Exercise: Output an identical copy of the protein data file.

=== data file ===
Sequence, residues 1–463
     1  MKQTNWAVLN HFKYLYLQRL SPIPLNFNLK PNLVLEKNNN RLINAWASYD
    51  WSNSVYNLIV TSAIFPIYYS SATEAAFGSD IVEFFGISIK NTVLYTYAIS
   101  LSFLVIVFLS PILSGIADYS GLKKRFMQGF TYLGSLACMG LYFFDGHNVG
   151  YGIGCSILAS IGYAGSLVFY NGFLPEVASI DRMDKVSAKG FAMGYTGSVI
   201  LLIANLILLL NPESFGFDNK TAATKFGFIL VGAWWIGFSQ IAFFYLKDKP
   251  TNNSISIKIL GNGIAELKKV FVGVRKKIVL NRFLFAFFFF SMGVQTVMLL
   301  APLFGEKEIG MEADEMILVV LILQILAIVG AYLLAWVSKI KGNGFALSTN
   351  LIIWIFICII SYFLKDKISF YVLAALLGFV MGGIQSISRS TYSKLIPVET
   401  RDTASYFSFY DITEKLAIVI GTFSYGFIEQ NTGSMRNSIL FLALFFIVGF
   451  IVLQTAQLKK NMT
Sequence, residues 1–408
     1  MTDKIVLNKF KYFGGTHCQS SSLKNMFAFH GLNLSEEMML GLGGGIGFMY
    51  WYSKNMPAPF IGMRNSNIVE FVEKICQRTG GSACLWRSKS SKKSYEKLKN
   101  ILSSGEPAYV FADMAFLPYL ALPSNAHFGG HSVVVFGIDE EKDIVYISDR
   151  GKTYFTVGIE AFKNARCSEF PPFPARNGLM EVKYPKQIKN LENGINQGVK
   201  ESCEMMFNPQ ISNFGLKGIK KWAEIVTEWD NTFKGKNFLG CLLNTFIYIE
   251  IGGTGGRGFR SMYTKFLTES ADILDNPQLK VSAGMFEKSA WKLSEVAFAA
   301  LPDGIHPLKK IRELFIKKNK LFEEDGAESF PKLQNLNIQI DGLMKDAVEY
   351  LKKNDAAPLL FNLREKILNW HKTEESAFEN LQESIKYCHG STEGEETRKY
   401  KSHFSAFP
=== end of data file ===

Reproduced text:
Sequence, residues 1–463
     1  MKQTNWAVLN HFKYLYLQRL SPIPLNFNLK PNLVLEKNNN RLINAWASYD
    51  WSNSVYNLIV TSAIFPIYYS SATEAAFGSD IVEFFGISIK NTVLYTYAIS
   101  LSFLVIVFLS PILSGIADYS GLKKRFMQGF TYLGSLACMG LYFFDGHNVG
   151  YGIGCSILAS IGYAGSLVFY NGFLPEVASI DRMDKVSAKG FAMGYTGSVI
   201  LLIANLILLL NPESFGFDNK TAATKFGFIL VGAWWIGFSQ IAFFYLKDKP
   251  TNNSISIKIL GNGIAELKKV FVGVRKKIVL NRFLFAFFFF SMGVQTVMLL
   301  APLFGEKEIG MEADEMILVV LILQILAIVG AYLLAWVSKI KGNGFALSTN
   351  LIIWIFICII SYFLKDKISF YVLAALLGFV MGGIQSISRS TYSKLIPVET
   401  RDTASYFSFY DITEKLAIVI GTFSYGFIEQ NTGSMRNSIL FLALFFIVGF
   451  IVLQTAQLKK NMT
Sequence, residues 1–408
     1  MTDKIVLNKF KYFGGTHCQS SSLKNMFAFH GLNLSEEMML GLGGGIGFMY
    51  WYSKNMPAPF IGMRNSNIVE FVEKICQRTG GSACLWRSKS SKKSYEKLKN
   101  ILSSGEPAYV FADMAFLPYL ALPSNAHFGG HSVVVFGIDE EKDIVYISDR
   151  GKTYFTVGIE AFKNARCSEF PPFPARNGLM EVKYPKQIKN LENGINQGVK
   201  ESCEMMFNPQ ISNFGLKGIK KWAEIVTEWD NTFKGKNFLG CLLNTFIYIE
   251  IGGTGGRGFR SMYTKFLTES ADILDNPQLK VSAGMFEKSA WKLSEVAFAA
   301  LPDGIHPLKK IRELFIKKNK LFEEDGAESF PKLQNLNIQI DGLMKDAVEY
   351  LKKNDAAPLL FNLREKILNW HKTEESAFEN LQESIKYCHG STEGEETRKY
   401  KSHFSAFP